For all the solidarity, Falsetti attracted some backlash, too. She described a few people who felt personally attacked by her critique of the corporate ideal. She received several angry messages insisting “all bodies matter,” a fact Falsetti does not dispute.
“Everybody deals with body shame. You can look like the norm and still feel horrible about yourself, but there is a difference between that and your experience with the way society interacts with you because of the way you look.”
Falsetti says that for all the body hatred she experienced throughout her life because of her weight, she hasn’t received nearly the level of discrimination faced by others in the yoga community.
"People don’t come to yoga because their lives are perfect. People come to yoga because they are trying to heal and make their world a better place." – Dana Falsetti
“I’m only one step away from the ideal by fatness, but I’m still white, able-bodied, young, and affluent. But as you start moving farther away from that, people are represented less and less,” she said.
Falsetti wants people to know that yoga “saved” her and many others but, even though she’s capable of difficult postures after years of practice, neither handstands nor backbends ultimately brought her peace.
“There is an entire spiritual side of yoga that most people never discover because they’re so obsessed with the physical," she said. "Yoga is lifestyle. It’s treating other people compassionately. It’s being awake and aware of the whole spectrum of human experience.”
For this reason, most yoga studios don’t even have mirrors. There’s little to no opportunity to look outwardly at yourself in a yoga class. The point is to look inward. And the physical practice of yoga can be so challenging and all-consuming, there is a very good chance you won’t notice anyone else in the room either. You should walk out of a good yoga class like a blank slate. You shouldn’t remember anything superficial about your fellow yogis – their clothes or body type – except maybe the sound of their breath.
The common misconception is that yoga must look beautiful and is a luxury for people who already have “perfect” bodies and “perfect” lives. But yoga isn’t supposed to be an elite exhibition; it’s an often grueling practice, a healing modality for bodies that are tired, injured, or sick.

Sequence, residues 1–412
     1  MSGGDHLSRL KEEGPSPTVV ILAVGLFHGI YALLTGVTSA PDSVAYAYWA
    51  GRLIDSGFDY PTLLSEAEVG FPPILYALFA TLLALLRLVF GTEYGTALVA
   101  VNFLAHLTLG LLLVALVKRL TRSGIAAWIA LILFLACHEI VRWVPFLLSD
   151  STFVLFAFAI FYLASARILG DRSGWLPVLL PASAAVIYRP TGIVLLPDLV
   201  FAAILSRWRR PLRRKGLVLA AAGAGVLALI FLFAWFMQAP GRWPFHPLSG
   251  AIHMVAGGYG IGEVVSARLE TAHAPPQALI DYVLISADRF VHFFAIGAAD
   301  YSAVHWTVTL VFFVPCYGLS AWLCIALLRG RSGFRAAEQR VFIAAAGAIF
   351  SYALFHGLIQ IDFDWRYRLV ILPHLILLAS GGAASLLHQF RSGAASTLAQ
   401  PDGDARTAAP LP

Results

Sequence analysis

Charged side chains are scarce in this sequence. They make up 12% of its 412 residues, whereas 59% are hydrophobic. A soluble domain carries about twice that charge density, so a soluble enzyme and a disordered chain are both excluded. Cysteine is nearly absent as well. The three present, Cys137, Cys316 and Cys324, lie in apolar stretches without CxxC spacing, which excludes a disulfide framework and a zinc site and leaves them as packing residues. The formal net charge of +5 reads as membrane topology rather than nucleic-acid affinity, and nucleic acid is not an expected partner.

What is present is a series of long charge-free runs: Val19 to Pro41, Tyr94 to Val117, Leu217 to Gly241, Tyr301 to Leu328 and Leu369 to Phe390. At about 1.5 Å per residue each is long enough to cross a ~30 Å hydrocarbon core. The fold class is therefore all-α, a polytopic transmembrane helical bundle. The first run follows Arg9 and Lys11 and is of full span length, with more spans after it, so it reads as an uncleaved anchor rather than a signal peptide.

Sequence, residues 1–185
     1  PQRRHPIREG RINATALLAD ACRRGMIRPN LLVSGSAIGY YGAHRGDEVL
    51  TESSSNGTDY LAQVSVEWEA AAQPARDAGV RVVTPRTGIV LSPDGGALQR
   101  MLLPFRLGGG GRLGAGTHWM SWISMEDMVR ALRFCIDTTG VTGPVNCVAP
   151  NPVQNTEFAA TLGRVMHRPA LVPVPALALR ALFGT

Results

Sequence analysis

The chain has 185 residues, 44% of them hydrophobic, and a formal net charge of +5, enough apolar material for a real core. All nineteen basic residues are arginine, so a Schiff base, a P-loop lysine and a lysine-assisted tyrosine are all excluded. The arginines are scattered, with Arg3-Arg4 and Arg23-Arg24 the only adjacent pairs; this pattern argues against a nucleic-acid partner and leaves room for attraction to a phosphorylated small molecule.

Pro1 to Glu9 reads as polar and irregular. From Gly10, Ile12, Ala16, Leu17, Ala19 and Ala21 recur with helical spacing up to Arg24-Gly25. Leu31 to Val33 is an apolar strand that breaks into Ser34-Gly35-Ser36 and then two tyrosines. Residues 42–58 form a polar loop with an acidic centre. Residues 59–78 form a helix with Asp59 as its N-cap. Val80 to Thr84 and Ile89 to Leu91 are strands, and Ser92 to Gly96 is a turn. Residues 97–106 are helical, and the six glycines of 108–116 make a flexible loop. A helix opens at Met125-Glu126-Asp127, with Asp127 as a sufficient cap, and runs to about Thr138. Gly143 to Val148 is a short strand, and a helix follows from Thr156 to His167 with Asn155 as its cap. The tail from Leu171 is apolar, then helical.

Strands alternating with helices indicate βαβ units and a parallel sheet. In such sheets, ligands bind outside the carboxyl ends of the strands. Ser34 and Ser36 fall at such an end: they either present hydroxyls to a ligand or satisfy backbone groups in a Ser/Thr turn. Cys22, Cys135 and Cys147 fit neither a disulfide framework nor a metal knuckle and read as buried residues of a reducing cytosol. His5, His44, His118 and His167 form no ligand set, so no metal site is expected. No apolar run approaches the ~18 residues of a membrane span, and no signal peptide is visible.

Falsetti describes the yogis she knows as “some of the most interesting and affected people” she’s ever met.
“People who come to my yoga classes are people who have been through true trauma. People don’t come to yoga because their lives are perfect. People come to yoga because they are trying to heal and make their world a better place," she said. "That some people might never get the chance to experience this, because they’re afraid they’re going to be the odd person out or because they’re not wearing cool enough clothes – that is the biggest disservice to yoga I can possibly imagine.”
Falsetti says now that she’s achieved Instagram popularity, she’s using the platform for what she believes is its true value: driving social change.
“Social media is not supposed to be an ad,” she said. “What is the point of social media if it’s just perpetuating the societal norms everybody actually wants to break out of?”
In the coming weeks, she is launching a body positive podcast on her website, to continue the dialogue about shame and marginalization in the yoga community and beyond. Her goal is to provide a platform for diverse and even controversial voices and opinions.
“I don’t necessarily have the answers to the questions I want to raise,” she said. “I just want people to ask them.”